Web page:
• According to data as of January 31, there are 961 new cases in Toronto, for a total of 85,983 since the pandemic began; 1 of them is in hospital. In total, 18 people have died. According to Toronto Public Health, today's case counts are higher as a result of adjustments due to the transition to the provincial info system for case and contact management as announced last week. As stated in a tweet, starting today, there will be reduced reporting so Toronto Public Health can address tech issues before resuming full daily reporting.
  • Toronto Public Health is reporting that at least two out of 78 COVID-19 cases at Belmont Meats, a meat processing facility currently experiencing an outbreak, have been identified as being from the U.K. coronavirus variant strain reports Global News.
  • Ontario’s first known case of a “variant of concern” initially identified in South Africa was confirmed on Monday in a Mississauga man, reports the Toronto Star. Ontario now has 69 confirmed variant cases as of Sunday, according to data from Public Health Ontario.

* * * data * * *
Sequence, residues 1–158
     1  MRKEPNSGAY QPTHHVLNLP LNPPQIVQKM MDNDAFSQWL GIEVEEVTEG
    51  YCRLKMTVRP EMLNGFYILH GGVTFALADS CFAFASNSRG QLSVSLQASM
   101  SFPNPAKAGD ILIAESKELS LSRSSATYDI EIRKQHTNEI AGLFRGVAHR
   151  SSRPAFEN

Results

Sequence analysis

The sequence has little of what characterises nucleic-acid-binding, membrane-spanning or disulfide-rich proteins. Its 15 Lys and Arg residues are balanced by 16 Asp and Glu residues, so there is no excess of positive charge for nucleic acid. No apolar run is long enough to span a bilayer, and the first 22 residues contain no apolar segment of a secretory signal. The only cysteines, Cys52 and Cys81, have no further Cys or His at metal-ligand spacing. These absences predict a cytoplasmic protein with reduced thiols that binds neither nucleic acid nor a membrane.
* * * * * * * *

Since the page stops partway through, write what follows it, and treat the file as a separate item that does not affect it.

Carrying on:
• According to the Toronto Star, a survey of health units in parts of the province where physical schools are already open, or opening, found that asymptomatic COVID-19 testing promised by the province is rarely happening. The Star contacted 18 public health units where it was aware schools have opened. Of the 11 that responded by press time, only one, Sudbury, confirmed that asymptomatic testing has been done.
  • Roberta Place, a long-term-care home in Barrie currently battling a COVID-19 outbreak, is facing a proposed class-action lawsuit from residents' families who allege their loved ones were neglected by those charged with keeping them safe reports CP24.
  • Hamilton's mobile COVID-19 vaccine clinic started giving residents at seniors' homes their jabs again. The process resumed Sunday and continued Monday, as reported by the Hamilton Spectator. The fixed-site clinic at Hamilton Health Sciences is expected to remain closed until at least February 10 due to a vaccine shortage.
  • The Spectator also reports that public health staff in Haldimand-Norfolk are busy tracing contacts of a resident in the area who contracted a more contagious variant of COVID-19. Public health has not shared how the resident contracted the virus, the number of contacts they had, or their condition.
  • Niagara has Ontario's third-highest COVID-19 death rate, but as the St. Catharines Standard reports, it is not considered a pandemic hot spot. Only Toronto and Windsor-Essex have higher death rates. The region's infection rate remains third in Ontario, behind Toronto and Peel.